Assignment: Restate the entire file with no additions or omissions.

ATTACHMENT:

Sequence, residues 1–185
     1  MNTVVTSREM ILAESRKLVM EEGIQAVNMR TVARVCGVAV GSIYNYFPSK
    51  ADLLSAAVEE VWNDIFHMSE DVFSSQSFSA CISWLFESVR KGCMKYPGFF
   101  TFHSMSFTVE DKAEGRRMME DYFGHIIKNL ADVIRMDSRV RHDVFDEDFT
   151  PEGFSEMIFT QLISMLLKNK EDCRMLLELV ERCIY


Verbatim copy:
Sequence, residues 1–185
     1  MNTVVTSREM ILAESRKLVM EEGIQAVNMR TVARVCGVAV GSIYNYFPSK
    51  ADLLSAAVEE VWNDIFHMSE DVFSSQSFSA CISWLFESVR KGCMKYPGFF
   101  TFHSMSFTVE DKAEGRRMME DYFGHIIKNL ADVIRMDSRV RHDVFDEDFT
   151  PEGFSEMIFT QLISMLLKNK EDCRMLLELV ERCIY